The International Tennis Federation suspended Odesnik for two years, but that sanction was later reduced to one year in exchange for providing unspecified "substantial assistance" as permitted under the World Anti-Doping Agency code, and Odesnik played a full season in 2011. Lyons represented Odesnik in that doping case.
The Miami New Times posted documents that show Odesnik's name in notebooks dated from 2009 through 2011. In an emailed response to the New Times, Odesnik, currently ranked No. 154 on the ATP Tour, denied ever having been a client of Bosch's or purchasing any performance-enhancing drugs from "any person."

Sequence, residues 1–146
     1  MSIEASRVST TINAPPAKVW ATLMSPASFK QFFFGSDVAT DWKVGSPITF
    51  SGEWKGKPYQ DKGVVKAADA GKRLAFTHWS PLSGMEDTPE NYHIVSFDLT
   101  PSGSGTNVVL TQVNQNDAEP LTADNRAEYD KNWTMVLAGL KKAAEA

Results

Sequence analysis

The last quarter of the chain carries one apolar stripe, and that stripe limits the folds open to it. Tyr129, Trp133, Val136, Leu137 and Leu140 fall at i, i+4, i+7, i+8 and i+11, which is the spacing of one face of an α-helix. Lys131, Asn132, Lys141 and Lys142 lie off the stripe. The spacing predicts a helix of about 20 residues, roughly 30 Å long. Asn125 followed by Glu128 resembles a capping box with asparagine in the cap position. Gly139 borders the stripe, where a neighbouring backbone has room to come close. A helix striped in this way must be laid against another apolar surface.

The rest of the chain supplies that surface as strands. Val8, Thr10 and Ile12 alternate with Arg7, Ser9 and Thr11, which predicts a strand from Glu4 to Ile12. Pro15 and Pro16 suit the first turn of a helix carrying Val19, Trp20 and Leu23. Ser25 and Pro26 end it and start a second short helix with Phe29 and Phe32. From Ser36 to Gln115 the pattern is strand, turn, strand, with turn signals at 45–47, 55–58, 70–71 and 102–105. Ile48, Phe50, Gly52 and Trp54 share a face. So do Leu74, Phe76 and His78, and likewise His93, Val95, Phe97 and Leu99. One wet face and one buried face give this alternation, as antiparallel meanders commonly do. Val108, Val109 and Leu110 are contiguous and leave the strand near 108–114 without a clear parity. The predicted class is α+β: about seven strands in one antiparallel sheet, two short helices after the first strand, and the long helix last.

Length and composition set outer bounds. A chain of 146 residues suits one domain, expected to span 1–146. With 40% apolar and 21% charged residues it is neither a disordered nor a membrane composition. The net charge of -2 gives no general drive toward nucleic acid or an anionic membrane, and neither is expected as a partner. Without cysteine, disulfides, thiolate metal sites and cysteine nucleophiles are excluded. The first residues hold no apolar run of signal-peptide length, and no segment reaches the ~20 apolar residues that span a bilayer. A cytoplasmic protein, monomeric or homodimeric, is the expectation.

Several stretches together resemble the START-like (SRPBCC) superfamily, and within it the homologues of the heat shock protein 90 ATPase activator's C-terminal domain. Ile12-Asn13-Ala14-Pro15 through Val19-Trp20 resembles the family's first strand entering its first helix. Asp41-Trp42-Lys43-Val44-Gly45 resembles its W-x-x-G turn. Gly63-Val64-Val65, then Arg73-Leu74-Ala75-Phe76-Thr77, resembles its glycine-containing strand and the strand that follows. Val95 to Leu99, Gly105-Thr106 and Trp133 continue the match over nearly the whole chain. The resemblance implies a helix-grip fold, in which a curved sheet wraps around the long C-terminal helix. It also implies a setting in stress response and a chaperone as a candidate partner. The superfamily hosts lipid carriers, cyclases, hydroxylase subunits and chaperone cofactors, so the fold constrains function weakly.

ITF anti-doping manager Stuart Miller told ESPN.com that the federation, which oversees testing and sanctioning procedures for the men's and women's tours, is following up on the new information regarding Odesnik.Also from ESPN, see Howard Bryant's piece: "The fix is in: Does tennis have a PED problem?"